Metapragmatic explicitation and social attribution in Social Communication Disorder and Developmental Language Disorder: a comparative study.

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Purpose: To investigate metapragmatic ability in 6-11 year old children with social communication disorder (SCD), developmental language disorder (DLD) and typical language development (TLD); to explore factors associated with metapragmatic explicitation and social understanding.
Method: In this cross-sectional study, all participants (N= 82) completed an experimental task, the Assessment of Metapragmatics (AMP), in which pragmatic errors are identified in filmed interactions. Responses were scored for complexity/type of explicitation (MP score) and attribution of social characteristics to the films’ characters (Social Understanding (SU) score).
Results: SCD and DLD groups had significantly lower MP scores and less sophisticated explicitation than the TLD group. After controlling for language and age, the SCD group had significantly lower SU scores than the DLD group. Significant correlations were found between MP scores and age/language ability but not with pragmatic impairment.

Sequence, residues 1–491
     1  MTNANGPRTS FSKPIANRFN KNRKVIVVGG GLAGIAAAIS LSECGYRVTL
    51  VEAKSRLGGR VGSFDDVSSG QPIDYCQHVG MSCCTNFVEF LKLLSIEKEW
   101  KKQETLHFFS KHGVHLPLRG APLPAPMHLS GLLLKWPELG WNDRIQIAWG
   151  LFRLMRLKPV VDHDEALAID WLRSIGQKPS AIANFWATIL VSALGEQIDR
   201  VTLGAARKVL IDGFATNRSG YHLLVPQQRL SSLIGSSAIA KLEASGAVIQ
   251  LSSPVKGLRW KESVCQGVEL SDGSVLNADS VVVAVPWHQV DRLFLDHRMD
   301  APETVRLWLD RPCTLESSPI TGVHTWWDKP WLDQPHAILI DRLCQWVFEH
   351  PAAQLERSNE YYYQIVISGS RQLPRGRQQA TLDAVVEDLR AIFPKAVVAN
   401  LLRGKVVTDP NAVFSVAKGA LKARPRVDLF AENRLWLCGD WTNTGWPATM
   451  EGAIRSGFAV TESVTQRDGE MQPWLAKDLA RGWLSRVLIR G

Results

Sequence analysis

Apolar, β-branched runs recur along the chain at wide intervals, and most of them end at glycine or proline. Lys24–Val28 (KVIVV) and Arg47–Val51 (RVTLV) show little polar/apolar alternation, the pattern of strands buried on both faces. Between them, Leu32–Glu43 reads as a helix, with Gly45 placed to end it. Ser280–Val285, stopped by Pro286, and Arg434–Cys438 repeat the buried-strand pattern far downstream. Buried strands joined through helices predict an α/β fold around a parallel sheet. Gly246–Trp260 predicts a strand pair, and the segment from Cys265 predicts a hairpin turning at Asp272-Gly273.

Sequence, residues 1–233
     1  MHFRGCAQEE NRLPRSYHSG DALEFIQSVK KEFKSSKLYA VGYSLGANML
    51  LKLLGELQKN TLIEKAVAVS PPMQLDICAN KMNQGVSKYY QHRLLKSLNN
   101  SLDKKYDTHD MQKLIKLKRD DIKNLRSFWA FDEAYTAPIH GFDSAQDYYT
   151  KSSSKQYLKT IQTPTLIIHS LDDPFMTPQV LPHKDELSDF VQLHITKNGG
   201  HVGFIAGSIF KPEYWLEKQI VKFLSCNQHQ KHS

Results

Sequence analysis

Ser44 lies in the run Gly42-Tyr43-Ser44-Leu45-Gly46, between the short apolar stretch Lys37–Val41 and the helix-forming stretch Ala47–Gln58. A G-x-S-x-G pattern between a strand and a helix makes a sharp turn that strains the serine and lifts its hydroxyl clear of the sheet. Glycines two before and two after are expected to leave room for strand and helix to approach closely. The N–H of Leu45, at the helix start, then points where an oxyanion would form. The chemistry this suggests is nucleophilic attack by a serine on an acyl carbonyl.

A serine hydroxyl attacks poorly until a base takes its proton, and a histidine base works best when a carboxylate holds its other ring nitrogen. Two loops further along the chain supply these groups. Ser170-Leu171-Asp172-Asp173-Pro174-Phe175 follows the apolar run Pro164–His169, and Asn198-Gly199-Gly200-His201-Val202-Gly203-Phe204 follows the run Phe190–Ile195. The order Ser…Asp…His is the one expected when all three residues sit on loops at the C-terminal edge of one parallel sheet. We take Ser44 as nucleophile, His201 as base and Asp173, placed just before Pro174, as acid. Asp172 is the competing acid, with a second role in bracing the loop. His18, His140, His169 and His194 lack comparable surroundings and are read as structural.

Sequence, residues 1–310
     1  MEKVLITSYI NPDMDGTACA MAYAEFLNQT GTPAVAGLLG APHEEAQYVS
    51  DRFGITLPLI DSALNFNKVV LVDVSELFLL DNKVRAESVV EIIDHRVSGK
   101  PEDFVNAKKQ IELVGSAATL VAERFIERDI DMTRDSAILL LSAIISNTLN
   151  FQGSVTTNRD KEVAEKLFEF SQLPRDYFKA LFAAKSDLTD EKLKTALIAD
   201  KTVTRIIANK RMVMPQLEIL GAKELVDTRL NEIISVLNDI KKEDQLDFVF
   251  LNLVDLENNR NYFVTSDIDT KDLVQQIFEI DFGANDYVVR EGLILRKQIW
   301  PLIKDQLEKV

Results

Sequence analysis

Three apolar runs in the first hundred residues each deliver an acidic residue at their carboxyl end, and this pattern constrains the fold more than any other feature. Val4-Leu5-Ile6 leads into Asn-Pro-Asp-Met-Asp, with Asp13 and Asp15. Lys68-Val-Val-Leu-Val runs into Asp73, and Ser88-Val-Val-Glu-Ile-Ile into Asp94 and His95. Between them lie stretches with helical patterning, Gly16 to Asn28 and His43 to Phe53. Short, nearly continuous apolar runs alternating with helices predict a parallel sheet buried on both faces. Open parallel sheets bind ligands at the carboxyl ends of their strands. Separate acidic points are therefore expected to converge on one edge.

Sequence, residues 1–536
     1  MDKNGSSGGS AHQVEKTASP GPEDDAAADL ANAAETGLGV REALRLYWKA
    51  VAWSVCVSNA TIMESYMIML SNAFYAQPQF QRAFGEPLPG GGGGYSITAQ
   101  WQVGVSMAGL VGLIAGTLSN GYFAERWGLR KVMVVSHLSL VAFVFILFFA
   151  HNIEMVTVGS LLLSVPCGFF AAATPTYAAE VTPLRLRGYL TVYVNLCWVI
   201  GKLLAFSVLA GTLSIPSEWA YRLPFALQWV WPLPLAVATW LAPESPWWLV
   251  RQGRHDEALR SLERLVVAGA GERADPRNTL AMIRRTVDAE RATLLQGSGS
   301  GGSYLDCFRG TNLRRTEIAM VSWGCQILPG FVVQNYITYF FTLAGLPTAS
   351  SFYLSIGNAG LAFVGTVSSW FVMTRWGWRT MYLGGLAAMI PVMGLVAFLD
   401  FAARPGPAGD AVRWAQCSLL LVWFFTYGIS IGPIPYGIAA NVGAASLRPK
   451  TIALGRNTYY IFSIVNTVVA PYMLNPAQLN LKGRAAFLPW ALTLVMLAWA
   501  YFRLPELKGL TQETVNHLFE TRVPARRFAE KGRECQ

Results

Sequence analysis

Conclusions: Children with SCD or DLD performed poorly on a metapragmatic task compared to typically developing children, but do not differ from each other in ability to reflect verbally on pragmatic features in interactions. Metapragmatic ability appears to be closely related to structural language ability. The limited ability of children with SCD to attribute social/psychological states to interlocutors may indicate additional social attribution limitations.

Bibliographical metadata

Original languageEnglish
Number of pages42
Journal Journal of Speech, Language, and Hearing Research
Publication statusPublished - 15 Mar 2018

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